Overcome your fear of “other” and you will be a more insightful and effective leader.
Our ability to deal effectively with the different situations we face in life depends on the degree to which we are able to appreciate and comprehend the full picture.
It helps us find the most effective response, and we experience life in a richer and more fulfilling way, if we can broaden our insight with a sincere mind and heart. To grow a fuller and richer appreciation and understanding of the problems or challenges we encounter, particularly where people are involved, we have to open our minds, hearts, and most difficult of all, our will.
Look outside in and bottom up As Richard Rohr says, we are much more likely to find the truth at the bottom and the edges of things (of the social/political/economic structure) than at the top or the centre. In terms of the state, government would be at the top and the elite or upper class in the centre. Don’t expect them to give you the ugly truth. Xenophobia, a worldwide phenomena, can be defined as “the unreasoned fear of that which is perceived to be foreign or strange – it can involve the relations and perceptions of an ingroup towards an outgroup”. The poor, the foreigner, the outgroup, the dropout, the homosexual and the disabled, looking from the outside in, will have a more accurate view of the degree to which the country’s constitution is practised than would the rest of us. Wise leaders should therefore do their utmost and the counterintuitive to stay in touch with the marginalised – including saying, “No,” to the temptations of self-enrichment and abuse of power.
Similarly, wise organisational leaders would deliberately acquaint themselves with the experiences of employees from the bottom up, and the experiences of customers from the outside in. Notwithstanding their busy schedules and having to absorb the latest market indicators, they will consider the frustrations, disillusionment and anger of employees and customers complaining about the lack of freedom and self-expression or poor service from poorly trained and disempowered frontline people. Instead of lying awake thinking of their next strategic move, they should lie awake thinking how to lead more inclusively, empowering more people throughout their organisations.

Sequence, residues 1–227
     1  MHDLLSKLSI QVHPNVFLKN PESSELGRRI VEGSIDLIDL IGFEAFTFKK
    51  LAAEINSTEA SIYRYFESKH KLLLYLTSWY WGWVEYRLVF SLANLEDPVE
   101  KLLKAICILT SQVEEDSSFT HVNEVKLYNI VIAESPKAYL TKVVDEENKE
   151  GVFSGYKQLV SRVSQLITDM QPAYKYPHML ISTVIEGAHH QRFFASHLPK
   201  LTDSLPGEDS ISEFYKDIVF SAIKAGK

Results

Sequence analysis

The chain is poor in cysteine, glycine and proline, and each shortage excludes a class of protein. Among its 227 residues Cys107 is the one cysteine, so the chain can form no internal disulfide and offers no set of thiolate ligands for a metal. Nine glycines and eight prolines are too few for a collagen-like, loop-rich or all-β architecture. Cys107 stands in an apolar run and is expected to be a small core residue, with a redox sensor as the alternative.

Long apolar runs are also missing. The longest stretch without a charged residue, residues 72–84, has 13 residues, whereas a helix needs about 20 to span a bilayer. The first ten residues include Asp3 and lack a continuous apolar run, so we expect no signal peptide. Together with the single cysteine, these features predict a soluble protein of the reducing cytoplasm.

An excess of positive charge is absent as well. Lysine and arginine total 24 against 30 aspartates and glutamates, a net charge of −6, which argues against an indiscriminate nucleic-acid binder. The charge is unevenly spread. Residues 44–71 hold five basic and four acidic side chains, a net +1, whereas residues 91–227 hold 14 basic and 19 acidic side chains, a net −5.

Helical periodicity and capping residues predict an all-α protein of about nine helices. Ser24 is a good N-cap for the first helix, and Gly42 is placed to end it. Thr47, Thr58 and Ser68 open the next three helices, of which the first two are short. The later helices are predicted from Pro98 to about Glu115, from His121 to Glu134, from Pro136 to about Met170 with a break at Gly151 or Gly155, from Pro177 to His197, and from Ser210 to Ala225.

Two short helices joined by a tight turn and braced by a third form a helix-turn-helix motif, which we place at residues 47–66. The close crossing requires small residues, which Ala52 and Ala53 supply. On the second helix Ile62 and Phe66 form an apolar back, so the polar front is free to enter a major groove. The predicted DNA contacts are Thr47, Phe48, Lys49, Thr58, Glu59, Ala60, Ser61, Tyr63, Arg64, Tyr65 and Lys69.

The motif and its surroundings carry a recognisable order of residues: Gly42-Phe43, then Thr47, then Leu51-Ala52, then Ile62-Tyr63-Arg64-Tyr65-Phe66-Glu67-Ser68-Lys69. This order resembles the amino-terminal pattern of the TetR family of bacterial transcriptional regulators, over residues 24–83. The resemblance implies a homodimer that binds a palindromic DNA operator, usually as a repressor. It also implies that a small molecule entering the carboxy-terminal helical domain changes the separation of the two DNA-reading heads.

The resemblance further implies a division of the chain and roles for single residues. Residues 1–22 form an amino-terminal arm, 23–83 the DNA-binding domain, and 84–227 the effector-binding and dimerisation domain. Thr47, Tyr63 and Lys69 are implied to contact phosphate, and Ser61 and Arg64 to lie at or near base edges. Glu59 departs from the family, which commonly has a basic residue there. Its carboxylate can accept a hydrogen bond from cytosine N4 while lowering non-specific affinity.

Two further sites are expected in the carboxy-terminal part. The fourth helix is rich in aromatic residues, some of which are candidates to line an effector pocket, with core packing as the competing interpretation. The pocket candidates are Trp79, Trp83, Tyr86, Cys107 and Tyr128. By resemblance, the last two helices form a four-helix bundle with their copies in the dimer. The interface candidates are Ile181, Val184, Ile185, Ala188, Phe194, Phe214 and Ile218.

Overcome your fears Inclusive thinking works both ways. As much as we may want to side with one group of people, the challenge of inclusive thinking is to sincerely want to grow a better understanding of those we find most difficult to associate with. The responsibility rests on each of us to bridge the divide that exists – whether we are in the middle or on the edges, inside or outside.
When we look deeper, and with brutal honesty, into the reason for our “natural” preference to attack or ignore the “other”, we discover that the negative feelings we have about “them” are not independent of our own fears and self-doubts. In fact, we are projecting our fears and doubts on them. We fear interacting with poor people because we are afraid of not being successful. We are frightened by the homeless because we fear being homeless ourselves. And we create a distance between ourselves and those who, by their mere existence, evoke the fears we have within but try to suppress or deny as a potential weakness or imperfection. It is hard to face the truth that all suppressed parts of ourselves will revolt and weaken us at some point, as individuals as well as societies.
We are all, some way or another, prisoners of our own fears. Our challenge is to recognise our fears in the “other” and overcome them in ourselves. By making peace with our own imperfections and shadows and accepting forgiveness and grace for our lives, our thinking and acting will become more inclusive and our lives richer and more fulfilling.
Dr Gerhard van Rensburg is a Leadership Coach, www.newlead.co.za, and author of The Leadership Challenge in Africa and Leadership Thoughts.
This article appeared in the July 2015 issue of HR Future magazine.